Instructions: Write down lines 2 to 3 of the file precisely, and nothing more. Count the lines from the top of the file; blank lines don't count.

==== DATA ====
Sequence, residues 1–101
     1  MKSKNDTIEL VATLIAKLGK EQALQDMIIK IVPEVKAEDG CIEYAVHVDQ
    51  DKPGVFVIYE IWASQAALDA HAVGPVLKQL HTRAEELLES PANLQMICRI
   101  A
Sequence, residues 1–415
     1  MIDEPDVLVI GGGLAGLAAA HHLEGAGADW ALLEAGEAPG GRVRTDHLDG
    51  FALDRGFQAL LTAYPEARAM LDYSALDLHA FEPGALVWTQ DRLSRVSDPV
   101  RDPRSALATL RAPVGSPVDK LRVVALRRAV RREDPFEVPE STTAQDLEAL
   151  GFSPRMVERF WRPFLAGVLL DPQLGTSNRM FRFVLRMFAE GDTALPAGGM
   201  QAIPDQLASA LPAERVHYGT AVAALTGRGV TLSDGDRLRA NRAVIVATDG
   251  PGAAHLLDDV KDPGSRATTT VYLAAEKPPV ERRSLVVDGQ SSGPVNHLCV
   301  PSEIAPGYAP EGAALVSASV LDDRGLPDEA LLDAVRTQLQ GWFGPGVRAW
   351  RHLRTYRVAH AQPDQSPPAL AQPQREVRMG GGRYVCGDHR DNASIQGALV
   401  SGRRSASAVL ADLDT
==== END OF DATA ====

     1  MKSKNDTIEL VATLIAKLGK EQALQDMIIK IVPEVKAEDG CIEYAVHVDQ
    51  DKPGVFVIYE IWASQAALDA HAVGPVLKQL HTRAEELLES PANLQMICRI